BACKGROUND: The diagnosis of posttraumatic stress disorder (PTSD) has remained controversial from the time of its first inclusion in DSM-III. No reviews have fully documented the shifting PTSD definitions across editions of the criteria. This article chronicles the evolution of PTSD across editions of the DSM.
METHODS: Diagnostic precursors to PTSD in DSM-I and DSM-II were briefly described, followed by systematic review of PTSD in subsequent editions of the DSM. Sections of the criteria and accompanying text were sorted into tables permitting visual comparisons across the editions. Research findings related to specific changes in the editions were provided from available research literature identified through specific PubMed searches using keywords relevant to each specific change.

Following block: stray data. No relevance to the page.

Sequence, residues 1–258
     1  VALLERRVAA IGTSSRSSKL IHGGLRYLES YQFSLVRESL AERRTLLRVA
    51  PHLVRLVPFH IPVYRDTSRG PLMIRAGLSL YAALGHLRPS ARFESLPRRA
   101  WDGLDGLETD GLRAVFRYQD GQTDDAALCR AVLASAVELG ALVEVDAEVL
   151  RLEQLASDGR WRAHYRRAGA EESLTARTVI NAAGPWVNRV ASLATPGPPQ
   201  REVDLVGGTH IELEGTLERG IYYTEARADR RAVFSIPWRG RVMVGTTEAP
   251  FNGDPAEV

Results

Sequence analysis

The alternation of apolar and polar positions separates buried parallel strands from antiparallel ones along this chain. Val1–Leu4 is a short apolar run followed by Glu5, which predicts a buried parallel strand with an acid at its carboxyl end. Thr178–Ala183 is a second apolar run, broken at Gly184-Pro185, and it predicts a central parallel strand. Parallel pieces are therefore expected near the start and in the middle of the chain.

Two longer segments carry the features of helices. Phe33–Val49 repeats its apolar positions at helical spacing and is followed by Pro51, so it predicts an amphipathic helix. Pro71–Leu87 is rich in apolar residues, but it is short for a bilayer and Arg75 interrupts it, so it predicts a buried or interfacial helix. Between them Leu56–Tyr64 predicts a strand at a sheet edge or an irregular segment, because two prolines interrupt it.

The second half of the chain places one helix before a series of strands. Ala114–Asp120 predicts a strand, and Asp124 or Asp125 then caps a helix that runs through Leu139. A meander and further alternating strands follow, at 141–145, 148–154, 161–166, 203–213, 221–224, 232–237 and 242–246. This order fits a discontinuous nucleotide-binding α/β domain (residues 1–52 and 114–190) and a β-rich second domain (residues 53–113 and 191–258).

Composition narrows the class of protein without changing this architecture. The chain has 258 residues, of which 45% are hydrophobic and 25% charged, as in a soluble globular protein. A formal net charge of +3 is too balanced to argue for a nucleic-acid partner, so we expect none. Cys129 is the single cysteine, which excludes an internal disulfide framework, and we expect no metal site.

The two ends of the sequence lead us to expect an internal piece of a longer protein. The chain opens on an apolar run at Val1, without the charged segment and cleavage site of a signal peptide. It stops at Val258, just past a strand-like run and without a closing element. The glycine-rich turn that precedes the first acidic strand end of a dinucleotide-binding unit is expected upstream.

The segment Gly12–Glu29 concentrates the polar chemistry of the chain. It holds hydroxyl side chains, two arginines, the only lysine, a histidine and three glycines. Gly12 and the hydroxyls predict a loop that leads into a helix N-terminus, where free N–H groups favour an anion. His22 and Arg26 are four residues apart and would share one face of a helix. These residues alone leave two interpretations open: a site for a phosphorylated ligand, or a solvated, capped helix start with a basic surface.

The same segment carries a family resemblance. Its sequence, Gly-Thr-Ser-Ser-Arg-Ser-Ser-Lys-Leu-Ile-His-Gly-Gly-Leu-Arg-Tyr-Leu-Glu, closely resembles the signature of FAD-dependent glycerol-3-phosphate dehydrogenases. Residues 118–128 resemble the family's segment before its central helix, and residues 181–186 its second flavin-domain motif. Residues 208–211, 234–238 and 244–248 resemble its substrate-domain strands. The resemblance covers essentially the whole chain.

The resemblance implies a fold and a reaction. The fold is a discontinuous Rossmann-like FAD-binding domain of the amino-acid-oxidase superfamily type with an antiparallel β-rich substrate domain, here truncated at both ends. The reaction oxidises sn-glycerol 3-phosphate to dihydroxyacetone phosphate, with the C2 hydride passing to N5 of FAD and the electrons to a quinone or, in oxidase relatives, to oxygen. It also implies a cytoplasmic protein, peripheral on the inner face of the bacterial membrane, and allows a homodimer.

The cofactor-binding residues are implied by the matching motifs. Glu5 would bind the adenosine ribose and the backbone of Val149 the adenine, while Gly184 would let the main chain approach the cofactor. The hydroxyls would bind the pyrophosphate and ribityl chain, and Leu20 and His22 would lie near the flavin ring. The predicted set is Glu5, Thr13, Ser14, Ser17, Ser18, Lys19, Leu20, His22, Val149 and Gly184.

RESULTS: Fundamental topics of debate identified in this review are validity of the diagnosis, the trauma criterion, the role of symptoms in defining its psychopathology, differentiation from other disorders, and specifiers such as delayed onset.
CONCLUSIONS: DSM-5 has corrected several major ambiguities and errors of the former editions that are fundamental to the construct of PTSD as a disorder that is defined conditionally in relation to exposure to trauma, but problems remain in DSM-5 trauma criteria, especially inconsistencies between exposure criteria and the definition of trauma. Discerning the critical distinctions required to understand PTSD depends on underlying clarity in terminology and precision in application of the diagnosis by academicians and clinicians. Trauma must be differentiated from other kinds of stressful events and conceptualized as an incident defined by physical injury rather than by emotional response.
|Original language||English (US)|
|Number of pages||12|
|Journal||Annals of clinical psychiatry : official journal of the American Academy of Clinical Psychiatrists|
|State||Published - Aug 1 2016|
ASJC Scopus subject areas